Responding to Stigma

I almost titled this post ‘dealing with stupid people’. But I thought that was a bit unfair. Mental health is such a tricky topic. People often don’t know what to say. It can be a difficult space to navigate. And the difference between a respectful conversation and one that causes offence is often thinner than we would care to admit.

I got inspired to write this post a few months ago when an acquaintance of mine, who knows I have Bipolar, made a very hurtful comment about Bipolar. I was furious. I was in shock. And above all else I felt shamed for who I was. But when I called my partner up (to rant and rave above the conversation) and he asked me how I handled the situation, I realised that my outward behaviour didn’t match my inward world at all; that I had actually handled the situation really well. So I thought I would share with you my guide to responding when someone makes a hurtful or stigmatising remark about mental illness.

Step 1: Remain Calm. 
I can’t stress this enough. If someone already has a negative perception of people with mental illnesses as being unpredictable, raving lunatics…Don’t play into their hand. Take a deep breath, ground yourself and let them finish their point before jumping down their throat.

Step 2. Be Polite and Respectful. 
This is an extension of Step 1. But think of it this way, no matter how valid or true your points may be the other person isn’t going to take them in if they feel attacked. Keep discussion about the topics and don’t attack people personally. This is your opportunity to engage the other person in a discourse surrounding mental health.  So play fair. This is the only way discourse can thrive.

Step 3: Ask Questions. 
I found this step very effective. Instead of telling people why they are wrong, challenge their preconceived notions so that they can see the gaps in their knowledge for themselves. Most of the time people don’t make insensitive comments because they are arseholes. They do it because they don’t know any better. In my case I may ask ‘what makes you think that?’ And they will reflect on their views and reply with something like ‘A, B, C…Is that not right?’ This then provides you the opportunity to move to Step 4.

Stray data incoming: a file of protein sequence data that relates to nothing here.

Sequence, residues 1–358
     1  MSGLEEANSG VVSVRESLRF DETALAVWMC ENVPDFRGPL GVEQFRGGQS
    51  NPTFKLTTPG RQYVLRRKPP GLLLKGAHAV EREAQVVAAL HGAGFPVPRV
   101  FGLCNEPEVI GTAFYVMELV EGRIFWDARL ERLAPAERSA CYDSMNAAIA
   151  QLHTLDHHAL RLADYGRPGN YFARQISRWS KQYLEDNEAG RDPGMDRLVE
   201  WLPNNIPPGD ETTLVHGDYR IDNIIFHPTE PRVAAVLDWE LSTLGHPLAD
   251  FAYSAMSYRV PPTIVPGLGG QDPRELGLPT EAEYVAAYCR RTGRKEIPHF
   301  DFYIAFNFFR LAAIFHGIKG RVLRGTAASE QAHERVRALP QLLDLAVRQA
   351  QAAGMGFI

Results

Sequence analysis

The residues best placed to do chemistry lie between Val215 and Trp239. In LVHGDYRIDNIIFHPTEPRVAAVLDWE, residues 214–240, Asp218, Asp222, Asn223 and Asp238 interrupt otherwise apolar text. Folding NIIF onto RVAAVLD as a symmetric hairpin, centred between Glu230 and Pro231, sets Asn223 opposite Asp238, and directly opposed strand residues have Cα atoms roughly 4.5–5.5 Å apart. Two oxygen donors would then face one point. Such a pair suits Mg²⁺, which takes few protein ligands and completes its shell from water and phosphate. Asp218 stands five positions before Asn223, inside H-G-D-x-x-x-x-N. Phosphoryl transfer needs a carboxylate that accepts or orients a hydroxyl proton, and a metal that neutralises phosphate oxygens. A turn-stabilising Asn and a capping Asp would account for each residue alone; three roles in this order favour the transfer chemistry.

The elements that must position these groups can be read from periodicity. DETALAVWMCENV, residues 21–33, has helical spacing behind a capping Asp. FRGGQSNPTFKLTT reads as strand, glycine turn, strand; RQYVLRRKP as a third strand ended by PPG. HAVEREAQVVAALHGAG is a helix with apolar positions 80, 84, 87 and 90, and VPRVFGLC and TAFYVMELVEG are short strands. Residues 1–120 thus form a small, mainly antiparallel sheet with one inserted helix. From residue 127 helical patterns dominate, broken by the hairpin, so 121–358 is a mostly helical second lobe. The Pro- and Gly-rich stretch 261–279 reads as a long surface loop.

Step 4. Speak from your own experience. 
There are two reasons I think speaking from your own experience is vital. Firstly, story telling is an exceptionally valuable tool in making people change their minds. It makes the object of their disdain more human and more relatable. Believe me when I say that your story can change lives. (Of course it goes without saying that you should only share what you are comfortable sharing). The other reason it is important to speak from your own experience is that you are an expert on you and you alone. You do not speak for everybody with a mental illness or your diagnosis. Even for myself, it is my job to get up and talk about mental illness on my blog and other platforms, but I can only speak for me. Speaking for the collective paints everyone with one colour and can actually lead to further stigmatisation and homogenisation.

If you follow all of these steps you should hopefully have a rewarding discussion with another human being and maybe change their way of thinking. And if not, at least you stood up for what you believe in.

But then again, don’t feel pressured to stand up and speak if you are not feeling up to it at the time. You don’t need to be a hero.  Please don’t ever feel like it is your responsibility to educate people. If sometimes someone says something insensitive and you are hurt you are justified in just stewing on that hurt. You don’t always have to be an advocate. Take care of yourself and be mindful of your own headspace before embarking on any of these steps. Sometimes it just might not be the right day for making yourself vulnerable through that discussion.

With that being said, if you’re anything like me, sometimes you simply can’t resist getting in on those tough conversations. And if that is the case I hope this guide can be a way for you do this in a way that is respectful of others but also yourself.

 

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